15. God damn, I am ready to kill some Taliban now.
    /Stands and salutes flag, singing “God Bless America”.

  16. I finally agree with Collinsworth about something(as do probably 99.9% of today’s football players on this subject).
    More importantly, I agree with “nuclearwarfare” above; why is Ryan even on the show. If Mitch Albom had taken his place today, you’d have the perfect sports panel. No Ryan, no Lupica.

  17. Americans, by our very nature, take risks. And if we didn’t take risks, we wouldn’t be celebrating 234 years of independence today.
    Shut the hell up. Boring sentimentality.

  18. at a position that doesn’t typically entail repeated strong blows to the head
    “Yeah, running backs never get hit in the head.”
    wtf

  19. You’re wrapping football in the flag of patriotism?
    Gag me with a spoon.
    As for headers in soccer, it’s a huge reach to suggest they’re in anyway compatible with the enormous shocks to the brain that football delivers.
    Time will tell.

  20. Obviously people who have made millions of dollars and have come out intact are going to say they’d do it again. But no one knows going in at the pee wee, high school, or college level whether they’re going to be a successful professional. I’m sure some will always be willing to take the risk, just as some still take the risk of becoming a boxer or MMA fighter. But I’m willing to bet that if the concussion research continues to follow the trend of the last few years, that youth participation in football is going to drop precipitously.

  21. Why doesn’t anyone want to discuss the obvious? The whole problem can be eliminated by creating a shoulder pad\helmet bubble, where the head would never get hit. Or, use the bike helmet type of thing. On the outside of the helmet attach crushable styrofoam and make some sort of crushable guard outside the facemask.
    You know why NFL isn’t pursuing this? It would look stupid to have oversized heads running around on the field. Instead, just ruin their brains – make more money that way.

  22. # TheWizard says: July 4, 2010 12:19 PM
    Cue up a bunch of losers to bash Collinsworth, in spite of the fact he’s been at the top of his field in both careers.
    It’s almost as though you’re psychic. Collinsworth has been broadcasting for years, and the next time he says something worth hearing will be the first time. Insofar as being at the top of his field is concerned, he was Eddie Brown’s caddy in Cincy and his broadcasting “skills” qualify him only to be a yenta on “The View”.

  23. I’m not sure if the right question is being answered.
    If it was weighing the risk of concussion vs. the career and life of a guy as successful as Collinsworth, then yeah, it’s worth the risk.
    However, the number of boys that rusk concussion at an early age, and go on to have successful NFL careers is a tiny percentage.
    So maybe the question should be phrased as something like:
    Given the liklihood that young men won’t ever have long term careers in Football, is the risk worth it, especially since the repurcussions will be felt when you have a family to support, and won’t have the millions of dollars an NFL athlete would have at his disposal?
    I’m not sure the answer changes, but the question should.

  24. winslow says:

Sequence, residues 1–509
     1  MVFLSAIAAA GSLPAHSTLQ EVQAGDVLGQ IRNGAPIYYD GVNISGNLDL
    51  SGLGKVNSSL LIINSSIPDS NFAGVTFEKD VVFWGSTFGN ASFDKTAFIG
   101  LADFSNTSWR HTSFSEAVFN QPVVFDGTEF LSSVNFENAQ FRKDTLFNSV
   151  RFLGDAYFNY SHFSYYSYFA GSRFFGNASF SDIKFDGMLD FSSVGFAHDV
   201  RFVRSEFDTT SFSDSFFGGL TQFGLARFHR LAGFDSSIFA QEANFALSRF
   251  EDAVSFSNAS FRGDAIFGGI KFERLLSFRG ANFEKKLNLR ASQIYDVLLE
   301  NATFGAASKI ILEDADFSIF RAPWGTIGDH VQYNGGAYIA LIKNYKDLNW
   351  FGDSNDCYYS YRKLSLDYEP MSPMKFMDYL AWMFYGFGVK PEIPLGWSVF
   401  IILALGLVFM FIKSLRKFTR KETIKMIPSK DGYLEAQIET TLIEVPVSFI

Insofar as being at the top of his field is concerned, he was Eddie Brown’s caddy in Cincy and his broadcasting “skills” qualify him only to be a yenta on “The View”.
    ***********************
    In what world are you living? He and Brown played 4 years together and that was at the end of his career. He has 417 catches to Brown’s 363, 6698 yards (4-1,000 yard seasons) to Brown’s 6194 (1-1, 000 yards season) and 36 TD catches to Brown’s 41. That’s 2 out of the categories that he is ahead of Brown. He was the leading receiver in 2 of the 4 years that they played together so who was the caddy?

  25. CT Pats Fan says:
    However, the number of boys that rusk concussion at an early age, and go on to have successful NFL careers is a tiny percentage.
    *************************
    Jon Stewart has his Moment Of Zen but I think that PFT should have their Moment Of Duh and you’ve just made it.
    Seriously, the number of boys that risk broken legs, herpes and cat scratch fever at an early age and go on to have success NFL careers is a tiny percentage.

  26. Collinsworth is a joke. Nobody cares what he thinks. The most overrated announcer in sports.

  27. The definitive test for gauging an athletes recovery from concussion is to have them say “Chronic Traumatic Encephalopathy” without stopping or stuttering.

  28. I once got a John Deere STX 38 tractor for Mr. Collinswoth for doing some voicework on our ads on WLW.
    From everything I heard, he is 100% pure class.
    I wish him only the best as he is one of the best announcers in the game now.

  29. quote: “Americans, by our very nature, take risks. And if we didn’t take risks, we wouldn’t be celebrating 234 years of independence today.”
    That suprises me coming from Florio. Liberal, Obama-loving, etc. You are 100% correct. We are a nation built on independence & taking risks. So how do you say that, then support ideas that are contrary to our founding? (i.e. universal healthcare, wellfare, government ‘protects’ everybody & takes away our freedom while they do it)
    We should all remember ‘why’ America has been the preeminent leader in the world since we were founded. It was our belief in determining & taking responsibility for our own lives, our dares to dream, our ingenuity, & our ability to re-group & try again when & if we failed. Government is not the source of our success, individuals are.
    I know this seems off-topic, but we don’t love football b/c there are no risks…we love it b/c there are risks, rewards, winners & losers. America’s independence & spirit is captured by the sport of football…and it’s all-American!
    Happy belated Independence day to all football fans, no matter what team you root for…we share a common passion.